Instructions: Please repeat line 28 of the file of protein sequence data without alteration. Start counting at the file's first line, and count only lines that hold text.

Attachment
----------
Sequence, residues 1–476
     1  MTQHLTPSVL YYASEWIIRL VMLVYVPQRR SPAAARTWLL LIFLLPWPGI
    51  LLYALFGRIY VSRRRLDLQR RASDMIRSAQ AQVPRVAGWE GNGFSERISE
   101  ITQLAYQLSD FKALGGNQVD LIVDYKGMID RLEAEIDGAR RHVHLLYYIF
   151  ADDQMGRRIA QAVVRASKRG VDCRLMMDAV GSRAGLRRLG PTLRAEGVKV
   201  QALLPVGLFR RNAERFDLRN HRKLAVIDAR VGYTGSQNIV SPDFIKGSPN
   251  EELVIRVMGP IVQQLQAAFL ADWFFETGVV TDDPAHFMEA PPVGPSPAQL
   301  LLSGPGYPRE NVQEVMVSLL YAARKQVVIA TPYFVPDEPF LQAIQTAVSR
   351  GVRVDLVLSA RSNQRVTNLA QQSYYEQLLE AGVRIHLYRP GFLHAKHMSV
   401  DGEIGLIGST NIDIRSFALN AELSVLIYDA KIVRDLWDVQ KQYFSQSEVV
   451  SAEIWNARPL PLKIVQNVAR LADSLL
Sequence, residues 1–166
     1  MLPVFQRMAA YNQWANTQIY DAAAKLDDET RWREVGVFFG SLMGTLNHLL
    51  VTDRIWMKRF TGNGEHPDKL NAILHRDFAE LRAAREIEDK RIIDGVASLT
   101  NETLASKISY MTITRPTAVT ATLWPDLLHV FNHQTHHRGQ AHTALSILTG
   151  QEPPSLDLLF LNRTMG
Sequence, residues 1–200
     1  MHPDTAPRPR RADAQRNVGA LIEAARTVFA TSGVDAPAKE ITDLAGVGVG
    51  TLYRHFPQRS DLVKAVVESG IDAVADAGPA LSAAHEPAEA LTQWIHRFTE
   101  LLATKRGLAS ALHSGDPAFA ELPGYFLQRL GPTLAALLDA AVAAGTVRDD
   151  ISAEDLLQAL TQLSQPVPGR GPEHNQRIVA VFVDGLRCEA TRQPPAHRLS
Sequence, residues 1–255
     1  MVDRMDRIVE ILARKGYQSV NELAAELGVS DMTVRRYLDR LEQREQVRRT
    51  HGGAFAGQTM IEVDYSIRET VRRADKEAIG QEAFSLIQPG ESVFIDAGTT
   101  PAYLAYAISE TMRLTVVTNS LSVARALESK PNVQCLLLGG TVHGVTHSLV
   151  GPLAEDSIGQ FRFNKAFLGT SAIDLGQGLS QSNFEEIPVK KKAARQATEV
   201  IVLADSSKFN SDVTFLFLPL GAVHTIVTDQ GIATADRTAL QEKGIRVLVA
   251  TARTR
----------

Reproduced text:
   251  TARTR